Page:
Learn more about how insurance archeology can help dry cleaners in states where the dedicated cleanup funds are drying up.

5. Will PERC naturally degrade over time if nothing is done?

Carnahan: I’ll try not to geek out too much on the science, guys. A lot of times we’ll go investigate gasoline sites and we’ll find evidence of impacts, but gasoline contamination will naturally degrade over time. If it’s a really old spill, sometimes you don’t have to do much. On the other hand, chlorinated solvents are considered recalcitrant compounds. That means that they don’t go anywhere, and they are very stubborn. Under natural conditions, there can be some breakdown, but not substantial over time. With Perchlorethylene, the degradation process that microbes will assist with; it goes from perchlorethylene down to trichlorethylene, so these chlorine atoms will cleave off of the molecule over time. We have investigated 50, 60, 70 year old dry cleaners or chlorinated solvent sites where we only see perchlorethylene; There’s been zero degradation over time. So, if your plan is, “Gee, my grandpa never did anything because he was hoping it would go away over time. My dad did the same thing. My mom did the same thing. And, now I’m doing the same thing,” it may not work out for you very well.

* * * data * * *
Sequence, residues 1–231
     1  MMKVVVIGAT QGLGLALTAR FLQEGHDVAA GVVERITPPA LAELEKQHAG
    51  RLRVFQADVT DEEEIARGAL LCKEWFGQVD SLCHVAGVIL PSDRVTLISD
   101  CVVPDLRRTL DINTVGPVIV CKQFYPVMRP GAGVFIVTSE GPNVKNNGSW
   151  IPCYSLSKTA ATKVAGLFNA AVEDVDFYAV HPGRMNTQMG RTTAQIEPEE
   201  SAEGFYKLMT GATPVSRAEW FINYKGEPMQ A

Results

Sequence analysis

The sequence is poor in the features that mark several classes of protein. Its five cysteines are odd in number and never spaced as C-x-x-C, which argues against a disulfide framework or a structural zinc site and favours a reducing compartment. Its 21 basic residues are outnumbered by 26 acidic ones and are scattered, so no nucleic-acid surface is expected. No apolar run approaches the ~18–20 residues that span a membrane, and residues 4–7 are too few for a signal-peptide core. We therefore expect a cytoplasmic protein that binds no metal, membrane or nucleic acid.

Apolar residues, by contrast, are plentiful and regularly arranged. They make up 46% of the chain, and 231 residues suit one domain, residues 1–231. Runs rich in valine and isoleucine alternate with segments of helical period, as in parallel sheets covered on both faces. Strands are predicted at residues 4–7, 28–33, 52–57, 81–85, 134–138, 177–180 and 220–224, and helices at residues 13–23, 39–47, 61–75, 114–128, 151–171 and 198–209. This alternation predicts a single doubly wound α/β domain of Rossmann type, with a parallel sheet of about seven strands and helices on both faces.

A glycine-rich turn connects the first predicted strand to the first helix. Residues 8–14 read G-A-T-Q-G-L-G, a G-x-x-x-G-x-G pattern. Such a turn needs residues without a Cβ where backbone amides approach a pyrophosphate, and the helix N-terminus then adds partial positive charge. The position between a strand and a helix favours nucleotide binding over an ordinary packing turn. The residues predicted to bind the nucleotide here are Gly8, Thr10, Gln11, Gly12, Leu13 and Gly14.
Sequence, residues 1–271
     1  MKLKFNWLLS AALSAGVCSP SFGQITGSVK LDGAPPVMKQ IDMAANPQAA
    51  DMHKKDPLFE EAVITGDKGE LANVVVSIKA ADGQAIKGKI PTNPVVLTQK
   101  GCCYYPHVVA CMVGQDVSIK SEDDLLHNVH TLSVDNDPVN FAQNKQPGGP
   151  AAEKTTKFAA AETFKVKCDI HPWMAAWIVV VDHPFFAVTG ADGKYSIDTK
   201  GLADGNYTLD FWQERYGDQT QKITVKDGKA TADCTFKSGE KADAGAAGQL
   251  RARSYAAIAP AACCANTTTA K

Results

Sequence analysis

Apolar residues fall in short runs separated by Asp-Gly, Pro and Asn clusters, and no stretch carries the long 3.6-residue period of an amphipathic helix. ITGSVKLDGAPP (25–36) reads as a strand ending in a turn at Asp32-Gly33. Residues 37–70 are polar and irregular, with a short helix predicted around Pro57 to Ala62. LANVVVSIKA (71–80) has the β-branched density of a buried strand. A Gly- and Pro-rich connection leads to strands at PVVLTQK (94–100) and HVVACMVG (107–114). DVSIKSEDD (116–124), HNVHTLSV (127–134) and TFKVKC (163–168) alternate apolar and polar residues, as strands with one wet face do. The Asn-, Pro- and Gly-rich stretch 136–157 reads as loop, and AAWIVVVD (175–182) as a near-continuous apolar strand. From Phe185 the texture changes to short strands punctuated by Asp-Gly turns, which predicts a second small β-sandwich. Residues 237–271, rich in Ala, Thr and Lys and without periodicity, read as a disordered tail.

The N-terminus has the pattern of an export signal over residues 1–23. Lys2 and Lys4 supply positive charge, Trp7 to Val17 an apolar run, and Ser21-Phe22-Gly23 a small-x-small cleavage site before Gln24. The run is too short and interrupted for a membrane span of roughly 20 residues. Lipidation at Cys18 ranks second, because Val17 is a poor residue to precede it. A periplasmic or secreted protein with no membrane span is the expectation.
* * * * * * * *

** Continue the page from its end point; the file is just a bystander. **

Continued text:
Miller: One other piece to mention is the differences of geology in different areas. One of these degradation materials that Perc turns into is vinyl chloride, which likes to hit sand and travel even faster through sand than actual Perc does. So, sometimes a problem that could have been a big problem to begin with, can be a miles-long problem after years and years of motion in groundwater.